For our family, my husband Isaac Vanderburg, our children Margo and Thomas, and myself – there’s gratitude and grief.
The sweetness of now is so sweet and the anxiety about the future is a rock-hard hammer some days. We know it’s a privilege to work from home, take care of our own kids, have groceries delivered, mask up, talk to our neighbors in the street while we do our best to keep our community healthy. Isaac’s worked from home since early March within earshot of every squabble and fit and shriek of joy and bouncing ball.
And I work when everyone’s asleep but exhaustion comes quickly these days. It took a few weeks to create a new family rhythm without the predictability and company of school and work life. The children were disoriented – a short fuse of angry, angsty, bored, leery, and clingy. We thought the antidote was tightening the ship with color-coded schedules and school projects and clear expectations. But it’s really more tenderness in our togetherness and tuning in.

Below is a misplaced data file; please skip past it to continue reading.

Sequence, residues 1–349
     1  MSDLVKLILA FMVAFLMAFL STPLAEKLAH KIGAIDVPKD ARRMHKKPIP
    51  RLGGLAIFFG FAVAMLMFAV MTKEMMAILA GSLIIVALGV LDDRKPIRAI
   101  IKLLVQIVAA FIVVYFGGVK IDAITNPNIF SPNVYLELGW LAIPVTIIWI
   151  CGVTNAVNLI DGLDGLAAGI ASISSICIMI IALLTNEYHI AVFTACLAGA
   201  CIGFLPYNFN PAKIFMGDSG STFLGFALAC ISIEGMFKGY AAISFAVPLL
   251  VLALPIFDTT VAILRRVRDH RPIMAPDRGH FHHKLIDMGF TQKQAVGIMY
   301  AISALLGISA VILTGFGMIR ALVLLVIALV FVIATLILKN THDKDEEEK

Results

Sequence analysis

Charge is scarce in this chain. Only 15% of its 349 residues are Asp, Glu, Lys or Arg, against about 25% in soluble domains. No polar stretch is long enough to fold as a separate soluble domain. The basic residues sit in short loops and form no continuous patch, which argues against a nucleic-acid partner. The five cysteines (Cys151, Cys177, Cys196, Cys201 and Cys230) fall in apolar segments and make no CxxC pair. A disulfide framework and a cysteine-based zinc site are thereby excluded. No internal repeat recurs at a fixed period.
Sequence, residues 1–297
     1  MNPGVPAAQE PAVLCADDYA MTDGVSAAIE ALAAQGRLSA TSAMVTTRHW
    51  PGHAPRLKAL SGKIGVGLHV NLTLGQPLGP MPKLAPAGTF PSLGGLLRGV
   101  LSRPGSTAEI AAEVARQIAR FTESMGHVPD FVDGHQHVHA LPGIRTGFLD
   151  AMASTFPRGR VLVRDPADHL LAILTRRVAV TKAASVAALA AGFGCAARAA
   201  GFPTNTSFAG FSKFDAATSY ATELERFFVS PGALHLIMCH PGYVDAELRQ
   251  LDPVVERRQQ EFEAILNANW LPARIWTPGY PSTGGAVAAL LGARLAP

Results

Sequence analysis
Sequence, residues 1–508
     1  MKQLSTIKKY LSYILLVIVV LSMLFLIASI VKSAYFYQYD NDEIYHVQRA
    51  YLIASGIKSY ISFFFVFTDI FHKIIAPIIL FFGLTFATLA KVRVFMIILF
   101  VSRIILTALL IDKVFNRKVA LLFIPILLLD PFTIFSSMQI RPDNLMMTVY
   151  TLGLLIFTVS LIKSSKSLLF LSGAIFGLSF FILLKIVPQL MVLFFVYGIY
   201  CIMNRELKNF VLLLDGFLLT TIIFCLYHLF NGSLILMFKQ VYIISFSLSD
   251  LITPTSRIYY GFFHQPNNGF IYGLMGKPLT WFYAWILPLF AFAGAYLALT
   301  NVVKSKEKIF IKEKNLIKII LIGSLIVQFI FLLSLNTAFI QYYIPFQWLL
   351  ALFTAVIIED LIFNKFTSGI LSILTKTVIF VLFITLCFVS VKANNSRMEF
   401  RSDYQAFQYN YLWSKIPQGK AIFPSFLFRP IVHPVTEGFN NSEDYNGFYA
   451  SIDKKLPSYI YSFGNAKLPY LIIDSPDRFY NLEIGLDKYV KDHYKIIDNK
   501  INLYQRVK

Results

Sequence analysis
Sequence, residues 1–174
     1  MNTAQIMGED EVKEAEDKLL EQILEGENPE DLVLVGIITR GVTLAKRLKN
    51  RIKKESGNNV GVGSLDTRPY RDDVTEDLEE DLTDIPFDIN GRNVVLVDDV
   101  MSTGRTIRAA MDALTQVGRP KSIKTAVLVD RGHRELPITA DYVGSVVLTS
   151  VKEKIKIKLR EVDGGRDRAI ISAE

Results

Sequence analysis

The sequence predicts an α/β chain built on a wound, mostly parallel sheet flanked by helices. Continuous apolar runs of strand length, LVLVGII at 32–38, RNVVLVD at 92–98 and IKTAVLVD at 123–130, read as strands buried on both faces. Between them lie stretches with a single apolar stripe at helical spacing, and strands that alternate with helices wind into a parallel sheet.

We try to look into our eyes more, sing and dance, listen fully, read together, check-in, hold each other, and recharge with “cozy quiet time.” If we all get through this liking each other, then we’ve won.
My #CovidDiariesAK begins with thoughts from Nate in Wasilla:
I have been working from home since the 18th of March. I am extremely fortunate that the company I work for has allowed and enabled me to work from home. My wife is a freelance graphic designer and a stay-at-home mother. For her, the change hasn’t been a major difference. However, the inability to take a three-year-old out and about can snowball the restlessness quite rapidly. It has been hard to explain this to our son and my wife has done an amazing job in engaging him in creative and rewarding activities. Cristina has been practicing a Montessori method with Otto and I think, in these times, it has really paid off. We are anxious to get the social aspects of our lives back, but we also recognize how lucky we are to have our opportunities and abilities to sustain during this challenging time.